Toward the end of the undervalued 1979 movie adaptation of former pro football receiver Peter Gent’s undervalued 1973 novel, North Dallas Forty, a beat, bent lineman, played by the late John Matuszak, takes out his postgame frustration on a petty-minded coaching assistant, piercing the latter’s abusive cloud of hot wind with this telling grievance: “Every time I call it a game, you call it a business. Every time I call it a business, you call it a game!”
With modest adjustments, this cri de coeur could be plaintively submitted by any corporate drone who’s ever dreamed outside his or her little gray box. But it’s also possible to apply “Tooz’s” trenchant line to the problem of writing about professional football as it is played in these United States. You try to bring romance, poetry, even drama to the table and, sooner or later, it’s overpowered by the sheer tonnage of dollars and cents involved in making the National Football League the media leviathan it has become. Every time several million dollars changes hands in buying a franchise or securing a TV network contract, the media’s eyes get big and round. As with everything else in the pop entertainment firmament, pro football’s arcane pleasures can’t be taken seriously by solemn minds except in the context of the game’s economic reach–and maybe its cultural significance, as when, say, pop singer Janet Jackson had a breast-baring “wardrobe malfunction” during last year’s Super Bowl halftime. But even that stuff somehow comes tethered to big bucks. Romance and finance are, to certain sensibilities gazing upon the NFL, one and the same.
There are so many suits and suites in America’s Game, Michael MacCambridge’s chronicle of pro football’s mid-twentieth-century ascension to 800-pound orangutan among US sports, that the reader can be forgiven for wondering just what game the book’s title refers to. Granted, there are plenty of scores and highlights woven throughout the book. (One expects nothing less from the author who edited a companion volume to ESPN’s millennium-capping SportsCentury series.) And it would be a foolish historian who fails to make clear, as MacCambridge does, that everything the NFL is today grew out of the 1958 NFL championship game between the New York Giants and the Baltimore Colts. That game made Colts quarterback Johnny Unitas one of the era’s exemplars of cool for leading his team to an overtime win and marked pro football’s arrival, in MacCambridge’s words, “as a viable alternative to baseball, not merely as the most popular sport, but the one that best defined America.” Somehow one doesn’t remember all of it happening with the immediacy that passage implies. But that “sudden death” game did galvanize many people within reach of a television set–including rich suits like Lamar Hunt, circumspect son of a reactionary Texas oilman, who was inspired by the 1958 game to get himself a pro football team and eventually form the rival American Football League, which would in the end only make the leviathan bigger.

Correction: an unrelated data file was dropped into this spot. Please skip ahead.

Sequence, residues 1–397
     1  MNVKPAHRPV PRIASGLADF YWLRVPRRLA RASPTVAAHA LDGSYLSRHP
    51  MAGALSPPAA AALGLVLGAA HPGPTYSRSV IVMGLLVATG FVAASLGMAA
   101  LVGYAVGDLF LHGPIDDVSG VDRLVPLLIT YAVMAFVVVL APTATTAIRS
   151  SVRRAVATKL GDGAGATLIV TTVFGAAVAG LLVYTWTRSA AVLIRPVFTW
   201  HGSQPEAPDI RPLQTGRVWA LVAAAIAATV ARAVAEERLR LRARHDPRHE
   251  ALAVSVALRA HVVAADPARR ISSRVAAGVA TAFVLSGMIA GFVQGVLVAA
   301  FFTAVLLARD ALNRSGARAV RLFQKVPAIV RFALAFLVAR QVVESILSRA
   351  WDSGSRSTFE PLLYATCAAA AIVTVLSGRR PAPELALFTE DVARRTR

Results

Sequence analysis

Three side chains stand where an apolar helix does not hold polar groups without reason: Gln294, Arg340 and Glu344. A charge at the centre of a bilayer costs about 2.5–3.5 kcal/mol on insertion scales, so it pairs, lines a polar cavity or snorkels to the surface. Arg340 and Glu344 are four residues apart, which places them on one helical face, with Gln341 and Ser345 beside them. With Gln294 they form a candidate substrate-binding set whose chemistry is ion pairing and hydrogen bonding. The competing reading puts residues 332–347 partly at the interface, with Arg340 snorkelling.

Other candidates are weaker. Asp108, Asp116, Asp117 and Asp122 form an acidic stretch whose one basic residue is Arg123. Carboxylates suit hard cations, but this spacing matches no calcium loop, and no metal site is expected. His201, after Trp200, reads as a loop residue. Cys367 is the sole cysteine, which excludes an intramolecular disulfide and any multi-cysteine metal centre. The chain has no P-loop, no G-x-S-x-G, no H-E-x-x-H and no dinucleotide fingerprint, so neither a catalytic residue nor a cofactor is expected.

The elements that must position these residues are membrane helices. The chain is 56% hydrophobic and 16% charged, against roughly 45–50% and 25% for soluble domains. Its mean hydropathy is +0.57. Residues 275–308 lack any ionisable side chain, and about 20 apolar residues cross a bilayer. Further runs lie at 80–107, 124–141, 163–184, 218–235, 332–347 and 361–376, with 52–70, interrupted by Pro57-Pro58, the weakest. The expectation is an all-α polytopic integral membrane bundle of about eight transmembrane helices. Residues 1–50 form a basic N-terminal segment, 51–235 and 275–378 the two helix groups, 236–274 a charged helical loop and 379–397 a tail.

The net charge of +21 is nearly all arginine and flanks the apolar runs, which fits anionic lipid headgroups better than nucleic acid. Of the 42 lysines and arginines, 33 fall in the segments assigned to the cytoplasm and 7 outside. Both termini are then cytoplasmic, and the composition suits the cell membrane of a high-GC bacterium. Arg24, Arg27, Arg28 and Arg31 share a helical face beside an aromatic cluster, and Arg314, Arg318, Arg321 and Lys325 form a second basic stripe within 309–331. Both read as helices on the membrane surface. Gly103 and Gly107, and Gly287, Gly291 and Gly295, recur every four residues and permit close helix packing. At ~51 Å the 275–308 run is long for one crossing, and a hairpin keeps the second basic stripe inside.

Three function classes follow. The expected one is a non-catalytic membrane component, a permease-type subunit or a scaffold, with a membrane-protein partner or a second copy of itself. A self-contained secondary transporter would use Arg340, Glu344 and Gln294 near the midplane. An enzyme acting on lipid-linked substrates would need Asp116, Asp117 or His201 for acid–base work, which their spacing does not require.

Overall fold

Before Hunt, there were less restrained, more rakish suits setting the table for the bounty to come. Most prominent among these was Bert Bell, the avuncular NFL commissioner who set each season’s schedule on his dining room table in Narberth, Pennsylvania, using dominoes and matches; and Dan Reeves, who moved his Rams franchise westward from Cleveland to Los Angeles after World War II and, in so doing, cleared a trail for a modern gold rush for all manner of sports teams. Probably the most important of the suits to emerge before 1958 was Paul Brown, founder and namesake of the Cleveland Browns, who brought streamlined organization, broader racial diversity and tactical ingenuity to the roughhousing pro game.